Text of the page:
‘4x4’ invokes Cyrus’s down-South upbringing in a way that is fun and lighthearted, but it is unfortunately misplaced among the other songs, making it the only unlistenable track of the bunch. ‘On My Own’ deviates from the rest of the album much more palatably—it sounds like a Michael Jackson dance hit, and is a standout track for those who do not fancy millennial radio pop.
Lyrically, “Bangerz” explores themes of love, sex and heartbreak, which makes sense considering Cyrus recently broke off her engagement to fellow young star Liam Hemsworth. ‘We Can’t Stop’ and the other more party-friendly tunes focus on celebrity lifestyle and the importance of letting go of society’s expectations and one’s own anxieties.
On both of these fronts, Cyrus flanks herself with a team of industry moguls. Songs are largely produced by Mike Will and Pharrell Williams, while Britney Spears, Big Sean, Nelly and Ludacris each are featured on a track. Said celebrity drop-ins range from Spears's familiarly absurdist verse on the title track to French Montana's backing vocals in the post-breakup taunt 'FU.'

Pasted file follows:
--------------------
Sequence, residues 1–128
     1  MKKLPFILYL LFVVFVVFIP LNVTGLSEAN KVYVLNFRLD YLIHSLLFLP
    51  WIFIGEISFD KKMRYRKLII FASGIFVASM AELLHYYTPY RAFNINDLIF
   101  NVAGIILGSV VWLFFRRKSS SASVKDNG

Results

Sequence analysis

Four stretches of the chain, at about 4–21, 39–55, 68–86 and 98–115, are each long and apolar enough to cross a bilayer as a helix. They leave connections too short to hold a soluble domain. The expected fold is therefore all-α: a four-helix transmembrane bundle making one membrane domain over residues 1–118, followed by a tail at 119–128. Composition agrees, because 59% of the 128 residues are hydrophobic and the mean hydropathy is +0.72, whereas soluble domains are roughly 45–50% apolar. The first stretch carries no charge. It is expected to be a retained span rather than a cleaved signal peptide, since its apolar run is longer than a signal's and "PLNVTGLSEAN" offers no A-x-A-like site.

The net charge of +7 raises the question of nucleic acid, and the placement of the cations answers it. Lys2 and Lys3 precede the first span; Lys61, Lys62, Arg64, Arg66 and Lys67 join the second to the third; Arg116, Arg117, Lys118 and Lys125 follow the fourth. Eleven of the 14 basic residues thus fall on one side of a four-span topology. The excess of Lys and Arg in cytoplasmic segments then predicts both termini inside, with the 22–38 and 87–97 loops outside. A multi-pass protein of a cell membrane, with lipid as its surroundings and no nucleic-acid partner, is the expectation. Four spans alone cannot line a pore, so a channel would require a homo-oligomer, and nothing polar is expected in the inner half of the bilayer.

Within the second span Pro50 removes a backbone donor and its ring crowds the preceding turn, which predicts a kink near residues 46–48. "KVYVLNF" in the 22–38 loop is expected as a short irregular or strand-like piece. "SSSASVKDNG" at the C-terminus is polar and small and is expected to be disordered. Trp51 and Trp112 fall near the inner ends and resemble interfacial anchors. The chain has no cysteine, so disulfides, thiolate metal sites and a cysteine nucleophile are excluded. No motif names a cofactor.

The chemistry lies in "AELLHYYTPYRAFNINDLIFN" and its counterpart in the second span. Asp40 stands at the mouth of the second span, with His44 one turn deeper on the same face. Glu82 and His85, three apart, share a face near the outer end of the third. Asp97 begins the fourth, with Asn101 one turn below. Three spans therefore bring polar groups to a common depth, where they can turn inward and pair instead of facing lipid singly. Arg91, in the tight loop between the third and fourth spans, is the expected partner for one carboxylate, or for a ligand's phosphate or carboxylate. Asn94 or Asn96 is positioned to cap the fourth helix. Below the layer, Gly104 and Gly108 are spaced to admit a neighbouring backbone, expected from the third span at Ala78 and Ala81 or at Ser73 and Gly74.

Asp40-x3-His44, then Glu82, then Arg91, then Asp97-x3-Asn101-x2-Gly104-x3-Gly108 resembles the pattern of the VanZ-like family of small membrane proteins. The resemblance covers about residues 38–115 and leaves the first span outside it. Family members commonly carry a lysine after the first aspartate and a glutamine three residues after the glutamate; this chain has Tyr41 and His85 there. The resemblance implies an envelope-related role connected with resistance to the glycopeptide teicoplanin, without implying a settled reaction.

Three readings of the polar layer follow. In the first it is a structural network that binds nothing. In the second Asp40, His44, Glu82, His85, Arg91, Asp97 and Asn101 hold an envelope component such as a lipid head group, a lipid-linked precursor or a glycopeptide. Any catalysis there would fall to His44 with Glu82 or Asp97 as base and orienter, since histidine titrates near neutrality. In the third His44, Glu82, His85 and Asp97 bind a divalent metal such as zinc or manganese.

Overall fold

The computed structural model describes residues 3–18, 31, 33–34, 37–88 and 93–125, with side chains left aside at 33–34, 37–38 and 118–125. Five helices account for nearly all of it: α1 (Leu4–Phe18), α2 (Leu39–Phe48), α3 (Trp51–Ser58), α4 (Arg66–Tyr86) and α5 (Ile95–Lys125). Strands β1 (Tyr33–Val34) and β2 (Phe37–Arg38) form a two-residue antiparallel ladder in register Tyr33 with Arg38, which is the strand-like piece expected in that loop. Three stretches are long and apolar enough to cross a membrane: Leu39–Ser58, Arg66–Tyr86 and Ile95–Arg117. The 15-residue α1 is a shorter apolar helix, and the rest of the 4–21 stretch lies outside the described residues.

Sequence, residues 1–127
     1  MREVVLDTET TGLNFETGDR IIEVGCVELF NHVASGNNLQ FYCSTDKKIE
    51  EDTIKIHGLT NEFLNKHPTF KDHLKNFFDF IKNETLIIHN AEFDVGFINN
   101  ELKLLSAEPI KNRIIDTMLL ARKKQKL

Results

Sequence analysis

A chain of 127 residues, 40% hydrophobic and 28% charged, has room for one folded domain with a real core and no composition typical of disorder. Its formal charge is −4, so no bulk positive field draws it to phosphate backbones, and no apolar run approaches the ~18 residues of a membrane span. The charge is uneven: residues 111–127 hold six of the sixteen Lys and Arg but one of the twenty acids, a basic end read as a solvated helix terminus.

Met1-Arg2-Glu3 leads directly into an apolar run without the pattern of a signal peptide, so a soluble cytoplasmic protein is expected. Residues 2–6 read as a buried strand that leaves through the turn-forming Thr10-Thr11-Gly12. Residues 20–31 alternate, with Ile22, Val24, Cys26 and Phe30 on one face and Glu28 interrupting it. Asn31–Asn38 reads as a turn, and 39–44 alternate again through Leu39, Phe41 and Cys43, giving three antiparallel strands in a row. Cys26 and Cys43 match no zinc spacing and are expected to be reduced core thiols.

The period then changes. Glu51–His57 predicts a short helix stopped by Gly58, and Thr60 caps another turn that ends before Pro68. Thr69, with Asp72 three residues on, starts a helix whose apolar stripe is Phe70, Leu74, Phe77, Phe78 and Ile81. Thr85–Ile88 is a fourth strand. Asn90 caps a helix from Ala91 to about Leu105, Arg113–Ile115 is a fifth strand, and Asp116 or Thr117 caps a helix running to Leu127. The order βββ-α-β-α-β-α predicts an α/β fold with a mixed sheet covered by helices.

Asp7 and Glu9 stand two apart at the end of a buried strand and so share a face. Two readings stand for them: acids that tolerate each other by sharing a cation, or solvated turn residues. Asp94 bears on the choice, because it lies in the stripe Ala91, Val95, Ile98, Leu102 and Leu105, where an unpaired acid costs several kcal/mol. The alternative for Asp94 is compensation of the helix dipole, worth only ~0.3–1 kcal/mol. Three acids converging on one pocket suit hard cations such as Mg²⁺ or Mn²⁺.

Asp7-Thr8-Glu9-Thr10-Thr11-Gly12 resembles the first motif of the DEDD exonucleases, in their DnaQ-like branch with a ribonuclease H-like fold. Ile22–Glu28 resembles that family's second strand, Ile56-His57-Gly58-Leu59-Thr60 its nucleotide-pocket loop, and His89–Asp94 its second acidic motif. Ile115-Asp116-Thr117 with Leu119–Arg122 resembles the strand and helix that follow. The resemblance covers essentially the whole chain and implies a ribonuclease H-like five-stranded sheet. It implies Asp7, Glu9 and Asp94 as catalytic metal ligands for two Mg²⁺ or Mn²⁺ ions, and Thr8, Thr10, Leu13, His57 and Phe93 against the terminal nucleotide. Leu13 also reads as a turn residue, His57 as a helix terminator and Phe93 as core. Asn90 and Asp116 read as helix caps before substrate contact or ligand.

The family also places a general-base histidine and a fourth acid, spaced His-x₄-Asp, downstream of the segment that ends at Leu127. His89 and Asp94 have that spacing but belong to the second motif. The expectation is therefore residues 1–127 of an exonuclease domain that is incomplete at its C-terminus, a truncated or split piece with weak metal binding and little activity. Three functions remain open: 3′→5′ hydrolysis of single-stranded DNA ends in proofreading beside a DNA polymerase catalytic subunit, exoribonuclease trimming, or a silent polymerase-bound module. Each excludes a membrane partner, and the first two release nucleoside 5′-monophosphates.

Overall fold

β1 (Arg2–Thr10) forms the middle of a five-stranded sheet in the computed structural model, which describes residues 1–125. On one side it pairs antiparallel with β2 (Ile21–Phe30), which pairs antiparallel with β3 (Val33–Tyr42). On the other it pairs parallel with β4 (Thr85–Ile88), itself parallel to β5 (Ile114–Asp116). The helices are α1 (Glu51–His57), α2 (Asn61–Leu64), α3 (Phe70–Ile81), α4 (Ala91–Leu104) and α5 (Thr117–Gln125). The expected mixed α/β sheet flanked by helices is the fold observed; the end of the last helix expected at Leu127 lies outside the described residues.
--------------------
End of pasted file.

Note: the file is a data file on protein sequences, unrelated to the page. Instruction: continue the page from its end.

The most important cut from “Bangerz,” one that has real staying power and the potential to be genre-defining, was produced with the help of Williams, the pop mastermind of the hour.
‘#GETITRIGHT’ is this track. ‘#GETITRIGHT,’ on a first listen through "Bangerz," makes you want to stop and instead put it on repeat. It is terribly catchy, complete with whistles, cute guitar riffs and a readily memorizable chorus. Miley croons about that oh-so-relatable moment of laying in bed with a potential lover right before the sexual encounter unfolds. After listening to the song several times, it becomes almost impossible not to dance.
‘#GETITRIGHT’ also has the ability to bridge any alt-culture resentment for an artist as popular as Cyrus. Indie pop angels Rostam Bantmanglij and Sufjan Stevens have both espoused praise for the track and its artist, an act that would typically be perceived as gauche by the difficult-to-please indie crowd.
These affirmations bring hope that “Bangerz” will reach further than a typical pop audience, attracting those with more musical knowhow with its variety and self-awareness. The Bangerz-Cyrus 2013 aesthetic will reign queen and spread its influence over pop music for the foreseeable future.